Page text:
• (2) Building production capacity: Anokhi has systematically instituted and fine-tuned its production structure and the logistics of getting 12 different “stories” to the retail stores, one each month. This has included making financial investments in helping their supplier units to increase capacity and improve quality; building long-term relationships with suppliers; developing in-house capacities for production functions that could not be outsourced without compromising on quality; and investing in a more comfortable working environment to encourage productivity and increase employee retention.
  • (3) Focus on quality and building a strong brand: The strong focus on quality control has enabled Anokhi to build its brand and position itself as an “up-market” company that is able to command a premium price for their products. The company has always insisted on selling products under
  • their own brand name, even in export markets.

    (4) Control over operations and strategic direction due to its retail operations:

    Building its own retail interface with customers has been a critical step in giving the company greater control over its operations and more freedom to innovate. More importantly, it has helped the company in grappling with a problem that is faced by all craft-support organisations: how to guarantee a year-round employment for craftworkers. The lesser volatility of domestic retail markets relative to export markets has helped the company to increase the number of craftworkers who produce for the company on a sustainable, year-round basis. The experience of Anokhi also suggests that controlling the interface with the end customer is critical in having greater control on the production of crafts, i e, the end retailer has a greater degree of control over what crafts are produced and the timing of such production.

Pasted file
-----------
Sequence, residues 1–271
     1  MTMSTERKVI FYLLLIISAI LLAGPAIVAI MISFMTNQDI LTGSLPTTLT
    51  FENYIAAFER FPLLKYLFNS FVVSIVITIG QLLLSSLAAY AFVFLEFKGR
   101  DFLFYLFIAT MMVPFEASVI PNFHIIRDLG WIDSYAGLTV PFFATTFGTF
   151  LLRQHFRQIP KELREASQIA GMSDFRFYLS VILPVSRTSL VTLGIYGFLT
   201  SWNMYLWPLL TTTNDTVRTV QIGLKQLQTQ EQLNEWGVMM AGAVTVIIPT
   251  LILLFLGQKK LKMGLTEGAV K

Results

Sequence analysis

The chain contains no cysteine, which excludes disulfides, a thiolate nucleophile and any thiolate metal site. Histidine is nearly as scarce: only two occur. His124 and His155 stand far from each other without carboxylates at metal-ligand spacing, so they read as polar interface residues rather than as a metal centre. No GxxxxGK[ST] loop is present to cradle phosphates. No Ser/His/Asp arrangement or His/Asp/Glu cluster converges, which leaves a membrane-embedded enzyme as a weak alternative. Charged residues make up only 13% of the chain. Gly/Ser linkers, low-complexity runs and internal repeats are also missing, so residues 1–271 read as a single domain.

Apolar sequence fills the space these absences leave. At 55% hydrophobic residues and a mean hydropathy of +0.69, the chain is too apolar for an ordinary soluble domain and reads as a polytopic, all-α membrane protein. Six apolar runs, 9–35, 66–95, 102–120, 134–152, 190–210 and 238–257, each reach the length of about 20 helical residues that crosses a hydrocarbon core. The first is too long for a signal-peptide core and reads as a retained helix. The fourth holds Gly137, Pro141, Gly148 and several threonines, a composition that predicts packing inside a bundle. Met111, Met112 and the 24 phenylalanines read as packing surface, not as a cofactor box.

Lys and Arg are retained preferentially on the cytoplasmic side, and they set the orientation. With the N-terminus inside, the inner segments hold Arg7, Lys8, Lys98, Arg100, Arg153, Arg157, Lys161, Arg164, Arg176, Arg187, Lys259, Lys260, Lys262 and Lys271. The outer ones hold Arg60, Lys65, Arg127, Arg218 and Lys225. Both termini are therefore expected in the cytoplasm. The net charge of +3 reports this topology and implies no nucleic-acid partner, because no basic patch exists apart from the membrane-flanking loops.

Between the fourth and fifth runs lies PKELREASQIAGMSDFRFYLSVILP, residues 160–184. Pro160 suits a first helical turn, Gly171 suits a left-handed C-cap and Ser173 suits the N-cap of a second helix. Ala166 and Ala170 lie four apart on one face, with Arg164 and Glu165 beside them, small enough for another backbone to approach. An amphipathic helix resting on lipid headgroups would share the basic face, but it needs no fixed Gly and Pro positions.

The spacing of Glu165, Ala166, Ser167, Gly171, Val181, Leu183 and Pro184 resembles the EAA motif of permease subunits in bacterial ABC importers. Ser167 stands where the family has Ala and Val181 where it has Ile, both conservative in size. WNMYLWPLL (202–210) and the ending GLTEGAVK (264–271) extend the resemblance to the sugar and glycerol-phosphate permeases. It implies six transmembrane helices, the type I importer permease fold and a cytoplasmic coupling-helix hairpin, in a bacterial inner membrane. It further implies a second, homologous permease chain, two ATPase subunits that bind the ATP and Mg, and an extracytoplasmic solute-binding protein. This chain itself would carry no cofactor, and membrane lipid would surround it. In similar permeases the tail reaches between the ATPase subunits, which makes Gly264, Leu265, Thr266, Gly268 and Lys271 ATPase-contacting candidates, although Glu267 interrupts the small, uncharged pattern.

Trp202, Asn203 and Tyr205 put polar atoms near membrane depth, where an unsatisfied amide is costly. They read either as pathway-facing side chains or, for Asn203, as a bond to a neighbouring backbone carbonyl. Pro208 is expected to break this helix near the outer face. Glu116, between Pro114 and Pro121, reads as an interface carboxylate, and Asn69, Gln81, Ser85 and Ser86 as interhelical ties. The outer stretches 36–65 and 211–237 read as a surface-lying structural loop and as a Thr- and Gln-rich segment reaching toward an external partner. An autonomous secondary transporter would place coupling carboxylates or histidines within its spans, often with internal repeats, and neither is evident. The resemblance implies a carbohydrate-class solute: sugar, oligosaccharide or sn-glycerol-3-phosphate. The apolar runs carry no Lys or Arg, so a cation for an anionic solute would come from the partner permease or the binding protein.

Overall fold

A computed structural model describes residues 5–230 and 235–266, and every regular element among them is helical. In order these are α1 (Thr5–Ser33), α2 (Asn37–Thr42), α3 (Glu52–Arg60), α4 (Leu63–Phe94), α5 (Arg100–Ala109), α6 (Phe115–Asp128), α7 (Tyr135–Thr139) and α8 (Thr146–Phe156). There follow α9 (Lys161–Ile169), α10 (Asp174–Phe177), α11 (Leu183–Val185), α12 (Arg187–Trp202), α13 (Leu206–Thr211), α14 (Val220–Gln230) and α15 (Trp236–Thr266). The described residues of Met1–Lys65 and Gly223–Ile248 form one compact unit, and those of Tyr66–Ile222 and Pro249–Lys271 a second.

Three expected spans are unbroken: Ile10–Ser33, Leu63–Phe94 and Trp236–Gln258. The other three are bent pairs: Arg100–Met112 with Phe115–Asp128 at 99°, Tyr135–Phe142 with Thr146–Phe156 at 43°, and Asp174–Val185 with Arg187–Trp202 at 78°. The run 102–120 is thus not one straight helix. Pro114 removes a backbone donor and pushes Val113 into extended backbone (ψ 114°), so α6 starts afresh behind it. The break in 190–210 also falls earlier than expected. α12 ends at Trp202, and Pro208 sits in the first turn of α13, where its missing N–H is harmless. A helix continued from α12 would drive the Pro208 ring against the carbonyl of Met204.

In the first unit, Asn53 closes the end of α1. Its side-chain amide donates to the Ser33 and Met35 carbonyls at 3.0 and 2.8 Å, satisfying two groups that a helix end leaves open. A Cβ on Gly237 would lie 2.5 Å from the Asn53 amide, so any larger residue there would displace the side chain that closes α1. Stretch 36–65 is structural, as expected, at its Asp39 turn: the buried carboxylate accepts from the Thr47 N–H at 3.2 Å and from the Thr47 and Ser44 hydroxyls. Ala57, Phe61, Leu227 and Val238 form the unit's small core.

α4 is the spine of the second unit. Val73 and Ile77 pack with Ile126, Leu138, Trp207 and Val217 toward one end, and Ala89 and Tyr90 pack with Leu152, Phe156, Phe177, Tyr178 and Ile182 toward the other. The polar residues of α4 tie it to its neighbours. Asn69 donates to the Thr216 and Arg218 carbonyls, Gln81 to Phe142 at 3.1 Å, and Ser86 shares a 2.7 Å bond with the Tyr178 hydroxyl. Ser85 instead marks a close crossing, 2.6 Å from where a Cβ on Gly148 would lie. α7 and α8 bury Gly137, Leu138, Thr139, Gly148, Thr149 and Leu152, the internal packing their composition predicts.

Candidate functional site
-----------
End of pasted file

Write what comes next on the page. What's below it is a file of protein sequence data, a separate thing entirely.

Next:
(5) Commitment to the craft: Finally, the key factor underlying all the others is Anokhi’s continuing commitment to the craft of block-prints. Although the company also now sells embroidered products, it focuses on building its core strength in the craft of block-printing. This commitment has helped Anokhi to build a favourable profile as a craft-based company and to generate a good image with both customers and craftspeople.



    Economic and Political Weekly August 5, 2006